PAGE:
Recently, I found out (NOT, mind you, through personal experience) that eating too much spinach can cause kidney stones. That’s an episode of Popeye the Sailor you won’t ever see! Oh, how I wish I would have known that when my mother kept saying, “Eat your spinach, so you will grow up strong, handsome and wise!” Well, I ate my spinach, and frankly, I’m 0 for 3. Of course, my mother’s interest was in seeing me grow healthy as a child, learning to eat vegetables and other things that don’t taste good is part of growing.
While the details of a good diet have shifted some over the years, the idea that we need to be attentive to how our bodies grow has long been recognized. In the US, there are over 100 universities and colleges that offer a degree in nutritional science or related fields. There are numerous academic journals, various educational courses and a vast array of popular programs which promote the idea that we should care deeply about how the body grows in a healthy, mature way.
As we discussed last Sunday, the metaphor of the church as the Body of Christ is a popular one in the Scriptures. Indeed, it is the most prominent one used by the Apostle Paul in his letters to describe the people of God. Paul will at times refer to the church as a building, temple, priesthood, family, and other analogies, but his primary illustration is to link the gathering of Christians with the living body. And, for Paul, the connection between the human body and the church is not about one or two similarities—he envisions a lot of parallels: how the body/church acts and functions
* how the body/church is connected
* how the body/church cares for itself
* how the body/church is held together
* what the body/church has in common
So, it shouldn’t surprise us that Paul also speaks significantly of how the church matures by leaning into the metaphor: the Body of Christ grows. Growth is something that every human body does—it is a natural part of the human process, but, as we all know, that growth can be healthy or unhealthy. A body can grow in ways that strengthen, protect and invigorate it; or a body can grow in ways that distort, pervert or hinder proper function. No parent wants to see an unhealthy development of their loved ones, and God is no different. We are His children, His people, His body, and He desires for us to grow in ways that will lead to a healthy maturity.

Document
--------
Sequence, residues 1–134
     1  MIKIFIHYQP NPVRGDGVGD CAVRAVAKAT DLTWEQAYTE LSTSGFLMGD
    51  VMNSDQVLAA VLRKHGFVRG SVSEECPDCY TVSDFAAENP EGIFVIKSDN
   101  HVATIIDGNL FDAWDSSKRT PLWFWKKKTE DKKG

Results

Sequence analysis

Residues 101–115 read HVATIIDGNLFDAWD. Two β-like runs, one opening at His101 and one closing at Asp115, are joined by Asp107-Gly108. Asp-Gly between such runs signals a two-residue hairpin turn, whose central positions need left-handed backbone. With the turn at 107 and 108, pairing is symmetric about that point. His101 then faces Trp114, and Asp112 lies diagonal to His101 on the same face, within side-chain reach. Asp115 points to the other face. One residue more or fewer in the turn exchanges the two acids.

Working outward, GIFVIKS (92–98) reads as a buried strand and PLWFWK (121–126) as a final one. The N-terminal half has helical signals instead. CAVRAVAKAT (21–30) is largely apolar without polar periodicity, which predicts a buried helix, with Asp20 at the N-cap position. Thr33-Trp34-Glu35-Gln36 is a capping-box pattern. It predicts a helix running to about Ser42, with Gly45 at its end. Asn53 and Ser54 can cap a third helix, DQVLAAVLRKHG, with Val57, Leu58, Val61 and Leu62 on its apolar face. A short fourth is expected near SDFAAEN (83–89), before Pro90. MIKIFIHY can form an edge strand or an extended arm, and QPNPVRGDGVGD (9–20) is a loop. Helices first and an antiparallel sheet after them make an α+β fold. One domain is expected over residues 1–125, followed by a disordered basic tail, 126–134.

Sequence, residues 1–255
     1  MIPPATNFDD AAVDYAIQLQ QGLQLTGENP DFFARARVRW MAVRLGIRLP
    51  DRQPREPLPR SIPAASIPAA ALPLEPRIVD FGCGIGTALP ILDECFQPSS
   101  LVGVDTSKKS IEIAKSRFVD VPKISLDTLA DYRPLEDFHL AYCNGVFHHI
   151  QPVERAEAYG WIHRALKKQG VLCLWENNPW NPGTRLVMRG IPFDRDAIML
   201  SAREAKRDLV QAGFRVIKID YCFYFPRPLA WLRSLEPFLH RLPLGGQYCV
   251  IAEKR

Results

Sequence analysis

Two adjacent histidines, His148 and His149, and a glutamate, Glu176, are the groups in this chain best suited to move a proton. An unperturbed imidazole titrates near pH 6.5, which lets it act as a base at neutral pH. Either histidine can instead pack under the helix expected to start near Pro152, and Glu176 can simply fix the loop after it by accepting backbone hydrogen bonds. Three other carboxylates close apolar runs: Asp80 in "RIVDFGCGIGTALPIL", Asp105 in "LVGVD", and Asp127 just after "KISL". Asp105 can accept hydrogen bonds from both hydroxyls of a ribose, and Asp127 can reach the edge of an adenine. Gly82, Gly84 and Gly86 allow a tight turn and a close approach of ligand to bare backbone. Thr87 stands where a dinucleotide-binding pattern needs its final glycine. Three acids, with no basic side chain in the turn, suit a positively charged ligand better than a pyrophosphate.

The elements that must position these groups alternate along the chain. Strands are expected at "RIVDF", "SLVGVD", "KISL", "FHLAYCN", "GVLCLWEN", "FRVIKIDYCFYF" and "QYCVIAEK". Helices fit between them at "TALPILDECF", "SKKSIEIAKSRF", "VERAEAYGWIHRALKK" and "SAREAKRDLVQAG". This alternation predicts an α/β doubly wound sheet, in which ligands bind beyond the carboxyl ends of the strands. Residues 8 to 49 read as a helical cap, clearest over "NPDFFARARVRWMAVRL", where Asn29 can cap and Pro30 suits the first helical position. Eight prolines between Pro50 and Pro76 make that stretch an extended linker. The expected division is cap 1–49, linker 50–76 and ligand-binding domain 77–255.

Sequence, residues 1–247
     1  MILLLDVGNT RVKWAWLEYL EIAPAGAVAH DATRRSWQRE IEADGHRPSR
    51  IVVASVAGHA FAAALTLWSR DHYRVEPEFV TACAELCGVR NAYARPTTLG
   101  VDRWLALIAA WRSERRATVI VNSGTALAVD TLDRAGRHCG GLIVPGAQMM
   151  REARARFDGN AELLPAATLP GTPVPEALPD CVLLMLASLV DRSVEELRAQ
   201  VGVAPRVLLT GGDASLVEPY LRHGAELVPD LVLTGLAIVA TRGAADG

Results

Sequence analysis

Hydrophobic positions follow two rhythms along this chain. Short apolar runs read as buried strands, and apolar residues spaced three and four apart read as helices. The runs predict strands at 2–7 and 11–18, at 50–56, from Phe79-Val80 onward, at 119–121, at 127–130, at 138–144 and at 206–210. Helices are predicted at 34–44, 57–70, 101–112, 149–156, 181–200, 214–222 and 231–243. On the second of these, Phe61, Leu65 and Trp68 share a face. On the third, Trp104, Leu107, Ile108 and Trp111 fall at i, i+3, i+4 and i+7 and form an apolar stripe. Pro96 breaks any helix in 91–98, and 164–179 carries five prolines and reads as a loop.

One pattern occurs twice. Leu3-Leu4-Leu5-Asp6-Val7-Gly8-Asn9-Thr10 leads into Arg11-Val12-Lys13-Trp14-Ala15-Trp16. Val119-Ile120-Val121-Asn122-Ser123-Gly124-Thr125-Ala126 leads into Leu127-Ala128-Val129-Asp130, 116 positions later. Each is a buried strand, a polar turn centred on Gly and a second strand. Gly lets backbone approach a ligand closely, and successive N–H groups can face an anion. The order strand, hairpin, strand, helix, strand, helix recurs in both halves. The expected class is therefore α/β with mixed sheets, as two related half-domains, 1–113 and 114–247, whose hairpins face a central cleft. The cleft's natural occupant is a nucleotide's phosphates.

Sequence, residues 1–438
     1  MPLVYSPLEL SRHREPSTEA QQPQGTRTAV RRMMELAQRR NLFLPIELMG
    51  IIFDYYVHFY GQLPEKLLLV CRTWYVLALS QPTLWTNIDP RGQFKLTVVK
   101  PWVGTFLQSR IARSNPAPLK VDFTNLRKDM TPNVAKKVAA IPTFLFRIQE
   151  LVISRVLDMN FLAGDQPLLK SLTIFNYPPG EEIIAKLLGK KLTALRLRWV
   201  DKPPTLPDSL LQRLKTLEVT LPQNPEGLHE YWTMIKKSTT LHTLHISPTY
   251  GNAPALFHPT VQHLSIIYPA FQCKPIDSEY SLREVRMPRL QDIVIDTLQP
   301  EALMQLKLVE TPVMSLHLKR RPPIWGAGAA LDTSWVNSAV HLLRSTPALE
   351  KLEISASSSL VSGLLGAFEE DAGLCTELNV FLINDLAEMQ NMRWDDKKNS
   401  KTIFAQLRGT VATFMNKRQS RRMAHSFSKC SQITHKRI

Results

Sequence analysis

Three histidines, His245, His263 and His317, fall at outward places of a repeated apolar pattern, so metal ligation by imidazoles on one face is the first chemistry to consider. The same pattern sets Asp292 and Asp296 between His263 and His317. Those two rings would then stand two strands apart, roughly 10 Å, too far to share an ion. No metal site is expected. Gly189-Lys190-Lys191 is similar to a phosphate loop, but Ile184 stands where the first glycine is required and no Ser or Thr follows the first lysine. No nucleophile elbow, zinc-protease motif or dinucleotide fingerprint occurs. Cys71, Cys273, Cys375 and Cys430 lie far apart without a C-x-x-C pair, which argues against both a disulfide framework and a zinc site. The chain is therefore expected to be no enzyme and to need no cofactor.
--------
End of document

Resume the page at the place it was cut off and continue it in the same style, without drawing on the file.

How does the Body of Christ grow? Our human bodies grow through nutrition, exercise, and natural development. How does this parallel our maturity in Christ?
This week in worship, we will look at Paul’s thoughts on this, how the Church, the Body of Christ, is to mature and grow. The Bible’s teaching on this is both commonplace and profound: commonplace, in that working the metaphor, we can largely anticipate the Bible’s answer, yet profound, in that the answer can make all the difference.
Come join us in worship this week as we explore what Paul says about how our church can grow more and more in healthy maturity.
1. Review verses 1-3. Last week we mentioned that Paul here is urging a natural response to all that has come before—we are made Christians by Christ’s work on the Cross, so we are to live accordingly. What might a “manner worthy” of Christ look like?
2. Review verses 4-6. The “ones” here are all connected. Can you see how you can’t have “one” without the other “ones”?
3. The “one body” referred to in verse 4 is the people of God, the church. What does being “one” mean?
4. In verse 15, how is it possible to “speak the truth in love”? How might that phrase be distorted?
5. What is the goal of our “growth”? What does it mean to grow as Christ’s body?
6. In verse 15, what is the source of growth in the body? Don’t assume something here, actually work through the grammar of the sentence Paul uses. What does he think is the source of growth?
7. Notice how “love” bookends these verse. What evidence of love can you find in the church today?